Jay Goodliffe writes,
I recently read your paper on scaling coefficients that you posted on the PolMeth site. I hope you don’t mind if I send a comment/question on your manuscript.
I usually like to include some sort of “substantive significance” table after the regular tables to report something like first differences. I have also thought recently about how to compare relative effects of variables when some variables are binary and others are not.
My current approach is to code all binary variables with the modal category as 0, set all variables to their median, and then see how the predicted dependent variable changes when each independent variable is moved to the 90th percentile, one at a time. This approach makes it easy to specify the “baseline” observation, so there are no .5 Female voters, which occurs if all variables are set to the mean instead. There are, of course, some problems with this. First, you need all of the binary variables to have at least 10% of the observations in each category. Second, it’s not clear this is the best way to handle skewed variables. But it is similar in kind to what you are suggesting.
My comment is that your approach may not always work so well for skewed variables. With such variables, the range mean +/- s.d. will be beyond the range of observed data. Indeed, in your NES example, Black is such a variable. In linear models, this does not matter since you could use the range [mean, mean + 2 s.d.] and get the same size effect. But it might matter in non-linear models, since it matters what the baseline is. And there is something less…elegant in saying that you are moving Black from -0.2 to 0.5, rather than 0 to 1.
My question is: You make some comments in passing that you prefer to present results graphically. Could you give me a reference to something that shows your preferred practice?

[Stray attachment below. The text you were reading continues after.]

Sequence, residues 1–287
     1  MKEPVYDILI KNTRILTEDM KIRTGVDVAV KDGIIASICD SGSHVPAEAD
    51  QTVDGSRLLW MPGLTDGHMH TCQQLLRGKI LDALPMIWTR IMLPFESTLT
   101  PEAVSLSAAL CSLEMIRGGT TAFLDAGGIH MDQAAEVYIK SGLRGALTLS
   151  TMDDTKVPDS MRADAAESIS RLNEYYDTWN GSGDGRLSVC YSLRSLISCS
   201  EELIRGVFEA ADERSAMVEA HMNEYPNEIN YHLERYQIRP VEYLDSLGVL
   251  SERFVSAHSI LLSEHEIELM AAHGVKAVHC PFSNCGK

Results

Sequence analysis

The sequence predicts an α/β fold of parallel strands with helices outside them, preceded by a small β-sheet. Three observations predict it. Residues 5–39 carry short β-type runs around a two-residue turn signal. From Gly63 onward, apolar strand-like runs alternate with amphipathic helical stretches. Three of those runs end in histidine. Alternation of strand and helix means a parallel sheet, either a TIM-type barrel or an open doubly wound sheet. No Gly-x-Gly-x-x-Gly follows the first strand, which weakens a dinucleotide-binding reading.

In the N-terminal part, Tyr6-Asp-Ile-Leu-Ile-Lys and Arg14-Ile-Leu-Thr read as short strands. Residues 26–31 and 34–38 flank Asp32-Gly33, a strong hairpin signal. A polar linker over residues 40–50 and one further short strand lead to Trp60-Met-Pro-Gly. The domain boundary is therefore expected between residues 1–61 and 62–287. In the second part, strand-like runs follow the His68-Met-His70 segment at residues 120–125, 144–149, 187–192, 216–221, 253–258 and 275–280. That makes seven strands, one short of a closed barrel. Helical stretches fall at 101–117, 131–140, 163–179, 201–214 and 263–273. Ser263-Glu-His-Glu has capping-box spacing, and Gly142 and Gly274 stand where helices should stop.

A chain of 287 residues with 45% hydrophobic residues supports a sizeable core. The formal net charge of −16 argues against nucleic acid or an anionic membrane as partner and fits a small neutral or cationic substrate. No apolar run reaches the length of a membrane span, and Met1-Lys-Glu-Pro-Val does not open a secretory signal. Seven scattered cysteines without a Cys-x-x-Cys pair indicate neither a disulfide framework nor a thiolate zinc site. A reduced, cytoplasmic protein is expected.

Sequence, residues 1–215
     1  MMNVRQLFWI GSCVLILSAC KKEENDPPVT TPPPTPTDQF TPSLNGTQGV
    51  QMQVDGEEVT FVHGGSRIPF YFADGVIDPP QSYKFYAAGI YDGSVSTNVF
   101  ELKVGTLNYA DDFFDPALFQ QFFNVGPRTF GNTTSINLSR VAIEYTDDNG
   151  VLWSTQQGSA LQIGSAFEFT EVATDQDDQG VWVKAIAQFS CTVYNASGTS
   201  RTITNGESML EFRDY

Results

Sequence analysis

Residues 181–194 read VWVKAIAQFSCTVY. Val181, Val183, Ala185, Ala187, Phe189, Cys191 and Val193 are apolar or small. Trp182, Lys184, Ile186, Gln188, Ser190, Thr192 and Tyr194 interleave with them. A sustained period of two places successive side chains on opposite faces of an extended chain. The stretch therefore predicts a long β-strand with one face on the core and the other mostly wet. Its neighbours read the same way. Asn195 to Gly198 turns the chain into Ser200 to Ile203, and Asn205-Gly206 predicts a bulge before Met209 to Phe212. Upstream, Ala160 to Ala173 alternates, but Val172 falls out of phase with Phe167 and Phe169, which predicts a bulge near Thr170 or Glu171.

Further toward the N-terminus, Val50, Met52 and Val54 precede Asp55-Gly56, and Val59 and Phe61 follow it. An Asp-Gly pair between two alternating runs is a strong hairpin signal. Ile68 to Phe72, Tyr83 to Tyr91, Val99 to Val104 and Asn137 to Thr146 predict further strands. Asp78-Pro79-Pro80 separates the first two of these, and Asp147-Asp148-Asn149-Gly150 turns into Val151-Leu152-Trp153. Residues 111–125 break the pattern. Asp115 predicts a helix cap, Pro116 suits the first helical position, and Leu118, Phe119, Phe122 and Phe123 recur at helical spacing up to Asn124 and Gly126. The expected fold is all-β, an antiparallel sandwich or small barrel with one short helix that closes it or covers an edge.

P.S. I’ve used tricks from _Teaching Statistics_ book in my undergraduate regression class.
On to the more difficult questions: There are really two different issues that Jay is talking about:
1. What’s a reasonable range of variation to use in a regression input, so as to interpret how much of its variation translates into variation in y?
2. How do you summarize regressions in nonlinear models, such as logistic regression?
For question 1, I think my paper on scaling by dividing by two sd’s provides a good general answer: in many cases, a range of 2 sd’s is a reasonable low-to-high range. It works for binary variables (if p is not too far from .5) and also for many continuous variables (where the mean-sd is a low value, and the mean+sd is a high value). For this interpretation of standardized variables, it’s not so important that the range be mean +/- 1sd; all that matters is the total range. (I agree that it’s harder to interpret the range for a binary variable where p is close to 0 or 1 (for example, the indicator for African American), but in these cases, I don’t know that there’s any perfect range to pick–going from 0 to 1 seems like too much, it’s overstating the reasonable changes that could be expected–and I’m happy with 2sd’s a choice.
For question 2, we have another paper just on the topic of these predictive comparisons. The short answer is that, rather than picking a single center point to make comparisons, we average over all of the data, considering each data point in turn as a baseline for comparisons. (I’ll have to post a blog entry on this paper too….)